F

F

D

D

D

D

F

3

Navajo Middle School

B

F

D

C

D

D

C

1

Navajo Pine High School

D

B

C

C

C

C

D

0

Ramah Elementary School

D

D

D

C

D

B

A

0

Ramah High School

C

B

C

B

C

B

C

0

Red Rock Elementary School

C

C

B

C

B

B

B

0

Rocky View Elementary School

D

D

F

F

C

D

C

2

Roosevelt Elementary School

B

D

F

D

D

D

C

1

Stagecoach Elementary School

D

F

F

D

D

D

B

1

Thoreau Elementary School

C

D

F

D

B

D

F

2

Thoreau High School

C

B

C

D

C

D

D

0

Thoreau Middle School

B

C

C

F

D

D

C

1

Tobe Turpen Elementary School

D

C

D

C

C

C

C

0

Tohatchi Elementary School

F

F

D

C

C

C

C

2

Tohatchi High School

C

B

C

C

B

C

C

0

Tohatchi Middle School

C

F

F

D

C

F

C

3

Tse'Yi'Gai High School

C

C

C

C

B

A

B

0

Twin Lakes Elementary School

F

F

F

C

C

F

D

4

WHAT’S INSIDE …

BACK ON THE BEAT Terminated officer returns to GPD

Friday September 14, 2018 • Gallup Sun

7

GARY IN GALLUP Former Gov. Johnson campaigns for Senate

19 20 BOARDS TO WALLS Apache Skateboards founder exhibits at UNM-G

STILL CYCO After all these years, Suicidal Tendencies still rocks hard

NEWS


McKinley County Board of Commissioners approves budget presentations Rick Abasta Sun Correspondent

T

he Sept. 11 special meeting of the McKinley C ou nt y B o a r d of Commissioners focused on the review and

approval of the 2019 fiscal-year budget letter received from the New Mexico Department of Finance and Administration. County Finance Director Sara Keeler reported before commissioners on eight budget resolutions for the Pueblo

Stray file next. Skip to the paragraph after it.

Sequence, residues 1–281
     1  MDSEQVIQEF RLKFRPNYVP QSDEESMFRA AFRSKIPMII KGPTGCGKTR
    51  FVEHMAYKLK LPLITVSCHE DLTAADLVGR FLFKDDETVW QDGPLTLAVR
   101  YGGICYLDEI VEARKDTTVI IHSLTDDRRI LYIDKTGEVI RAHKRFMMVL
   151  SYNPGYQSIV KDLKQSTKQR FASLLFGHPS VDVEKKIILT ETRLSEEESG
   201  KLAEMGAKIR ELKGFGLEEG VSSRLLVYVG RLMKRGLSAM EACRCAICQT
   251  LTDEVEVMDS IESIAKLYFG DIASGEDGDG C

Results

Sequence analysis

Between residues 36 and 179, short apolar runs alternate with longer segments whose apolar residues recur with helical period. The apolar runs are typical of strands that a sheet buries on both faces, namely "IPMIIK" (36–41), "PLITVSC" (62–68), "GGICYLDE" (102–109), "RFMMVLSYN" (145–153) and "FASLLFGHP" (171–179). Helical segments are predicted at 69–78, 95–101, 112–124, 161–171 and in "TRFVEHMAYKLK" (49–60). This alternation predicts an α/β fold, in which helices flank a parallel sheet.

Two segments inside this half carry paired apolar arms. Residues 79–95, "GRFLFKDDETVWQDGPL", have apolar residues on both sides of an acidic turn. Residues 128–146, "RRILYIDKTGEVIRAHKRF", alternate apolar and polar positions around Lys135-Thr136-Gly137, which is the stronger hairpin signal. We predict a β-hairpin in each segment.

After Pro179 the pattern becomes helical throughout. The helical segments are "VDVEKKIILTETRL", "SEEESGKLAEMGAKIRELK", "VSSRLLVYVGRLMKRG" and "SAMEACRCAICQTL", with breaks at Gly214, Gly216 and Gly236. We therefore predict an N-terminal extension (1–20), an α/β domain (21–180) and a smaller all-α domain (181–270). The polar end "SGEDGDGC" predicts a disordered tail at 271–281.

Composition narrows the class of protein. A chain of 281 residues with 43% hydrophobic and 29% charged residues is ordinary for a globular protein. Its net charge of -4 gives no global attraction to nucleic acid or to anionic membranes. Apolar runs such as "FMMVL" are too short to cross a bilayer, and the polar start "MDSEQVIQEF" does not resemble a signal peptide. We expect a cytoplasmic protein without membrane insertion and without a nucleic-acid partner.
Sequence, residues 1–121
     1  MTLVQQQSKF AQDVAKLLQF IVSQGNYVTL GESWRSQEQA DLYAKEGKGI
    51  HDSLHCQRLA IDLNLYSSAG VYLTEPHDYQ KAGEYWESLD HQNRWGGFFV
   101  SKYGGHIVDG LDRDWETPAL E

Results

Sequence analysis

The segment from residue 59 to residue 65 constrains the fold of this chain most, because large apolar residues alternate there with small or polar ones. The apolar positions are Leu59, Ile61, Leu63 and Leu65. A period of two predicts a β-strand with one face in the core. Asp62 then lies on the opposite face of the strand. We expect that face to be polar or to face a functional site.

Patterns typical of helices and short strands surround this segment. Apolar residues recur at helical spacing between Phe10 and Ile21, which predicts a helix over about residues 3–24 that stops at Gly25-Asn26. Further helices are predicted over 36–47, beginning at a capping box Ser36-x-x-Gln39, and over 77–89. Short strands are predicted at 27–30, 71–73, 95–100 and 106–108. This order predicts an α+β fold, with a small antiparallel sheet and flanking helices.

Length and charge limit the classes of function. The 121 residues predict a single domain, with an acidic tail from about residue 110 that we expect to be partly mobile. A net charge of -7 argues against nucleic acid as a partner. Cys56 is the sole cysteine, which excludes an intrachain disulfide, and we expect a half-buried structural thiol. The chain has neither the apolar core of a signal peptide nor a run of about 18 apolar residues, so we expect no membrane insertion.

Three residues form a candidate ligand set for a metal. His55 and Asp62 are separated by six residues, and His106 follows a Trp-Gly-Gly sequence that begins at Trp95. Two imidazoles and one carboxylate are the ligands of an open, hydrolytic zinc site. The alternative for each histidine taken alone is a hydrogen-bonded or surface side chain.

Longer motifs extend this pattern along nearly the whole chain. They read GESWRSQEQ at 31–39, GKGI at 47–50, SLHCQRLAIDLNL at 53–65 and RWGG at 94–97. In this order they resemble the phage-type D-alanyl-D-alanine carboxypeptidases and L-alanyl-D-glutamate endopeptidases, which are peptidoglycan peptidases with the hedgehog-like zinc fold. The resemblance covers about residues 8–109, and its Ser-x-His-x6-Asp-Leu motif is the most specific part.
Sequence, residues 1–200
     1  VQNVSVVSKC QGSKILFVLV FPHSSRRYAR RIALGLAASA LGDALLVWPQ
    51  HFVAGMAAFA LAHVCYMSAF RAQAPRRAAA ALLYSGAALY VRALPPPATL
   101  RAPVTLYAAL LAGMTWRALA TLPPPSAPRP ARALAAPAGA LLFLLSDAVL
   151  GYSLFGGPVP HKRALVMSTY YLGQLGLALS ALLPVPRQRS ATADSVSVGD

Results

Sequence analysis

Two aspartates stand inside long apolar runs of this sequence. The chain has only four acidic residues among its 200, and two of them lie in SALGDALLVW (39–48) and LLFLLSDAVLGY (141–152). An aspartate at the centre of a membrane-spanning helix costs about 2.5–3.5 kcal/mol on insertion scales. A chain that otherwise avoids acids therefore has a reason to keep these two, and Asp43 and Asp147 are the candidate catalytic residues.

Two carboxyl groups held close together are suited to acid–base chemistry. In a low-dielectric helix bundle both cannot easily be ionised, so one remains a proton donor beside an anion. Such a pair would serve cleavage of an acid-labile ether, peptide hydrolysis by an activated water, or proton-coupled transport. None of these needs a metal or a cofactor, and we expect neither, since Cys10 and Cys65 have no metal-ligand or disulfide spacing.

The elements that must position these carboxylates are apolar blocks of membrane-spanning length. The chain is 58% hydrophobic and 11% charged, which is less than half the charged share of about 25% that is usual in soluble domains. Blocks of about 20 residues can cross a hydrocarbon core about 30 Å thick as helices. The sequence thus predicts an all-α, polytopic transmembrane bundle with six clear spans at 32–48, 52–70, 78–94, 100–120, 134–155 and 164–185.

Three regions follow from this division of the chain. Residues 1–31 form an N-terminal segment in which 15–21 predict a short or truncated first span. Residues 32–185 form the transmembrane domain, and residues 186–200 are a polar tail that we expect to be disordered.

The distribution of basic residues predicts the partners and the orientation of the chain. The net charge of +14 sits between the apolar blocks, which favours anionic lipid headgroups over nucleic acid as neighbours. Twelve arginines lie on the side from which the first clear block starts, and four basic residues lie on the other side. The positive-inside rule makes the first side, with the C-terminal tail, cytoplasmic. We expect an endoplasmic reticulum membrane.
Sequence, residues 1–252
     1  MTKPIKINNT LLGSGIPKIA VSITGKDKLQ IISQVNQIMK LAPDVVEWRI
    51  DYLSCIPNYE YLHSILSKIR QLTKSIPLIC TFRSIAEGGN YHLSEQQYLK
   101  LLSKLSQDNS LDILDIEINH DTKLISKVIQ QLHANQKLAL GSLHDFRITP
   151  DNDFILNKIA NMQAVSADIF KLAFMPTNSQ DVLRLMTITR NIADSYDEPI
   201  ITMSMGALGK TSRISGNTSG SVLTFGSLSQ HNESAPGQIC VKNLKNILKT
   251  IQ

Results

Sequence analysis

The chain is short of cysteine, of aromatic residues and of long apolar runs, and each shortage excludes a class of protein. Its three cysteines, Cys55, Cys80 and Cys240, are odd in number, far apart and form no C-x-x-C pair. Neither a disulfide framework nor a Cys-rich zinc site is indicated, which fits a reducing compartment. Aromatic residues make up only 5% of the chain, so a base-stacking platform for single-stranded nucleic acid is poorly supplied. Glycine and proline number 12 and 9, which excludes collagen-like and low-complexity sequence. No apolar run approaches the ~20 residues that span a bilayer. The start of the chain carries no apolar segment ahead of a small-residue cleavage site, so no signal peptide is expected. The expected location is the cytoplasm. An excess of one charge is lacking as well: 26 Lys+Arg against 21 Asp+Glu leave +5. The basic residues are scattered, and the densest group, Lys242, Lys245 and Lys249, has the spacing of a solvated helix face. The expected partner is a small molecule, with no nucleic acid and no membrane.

Pintado Fire Station, Pueblo P i nt a do wat erl i ne, Zu n iBlackrock Fire non-capital equipment, EMS funding, a severance tax bond for a Sheriff’s Department pursuit vehicle, the Gallup Inter-Tribal Indian Ceremonial, Red Lake Chapter

road projects and Sheriff’s Department equipment.

CORRECTION: In the article “New Mexico Governor candidate holds rally in Gallup,” published Sept. 7, the Gallup Sun incorrectly reported that Court of Appeals candidate Kristina Bogardus had endorsed a candidate. Bogardus is prohibited from endorsing any candidate for office per the New Mexico Code of Judicial Conduct and had not given any endorsement. The Gallup Sun sincerely regrets the error.

THANK YOU ADVERTISERS

McKinley County Finance Director Sara Keeler. File Photo

NEWS

Amazing Grace Personal Care - 17 Bubany Insurance Agency - 6 Butler’s Office City - SALE - 17 Castle Furniture - 3 Gallup Housing Authority - 9, 19 Garcia’s Judo Team - 8 Gallup McKinley County Schools - 2, 12-13 Harbor Freight insert Highlands University - 22 Larry’s Automotive Repair & Maintenance - 9 Octavia Fellin Public Library - 16 Pinnacle Bank - 18 Physicians Committee - 1 Rico Auto Complex - 24 Rocket Lounge - 7 Small Fry Dentistry - 14 TBK Bank - 8 Thunderbird Supply Co. - 5 Tractor Supply Co. - insert TravelCenters of America - 10

Resolution No. SEP-18 055 was for $1,260,000 for the Pueblo Pintado Fire Station. “This is a budget increase in Fund 222, which is our fire excise tax, for the expenses for

COUNTY BOARD | SEE PAGE 14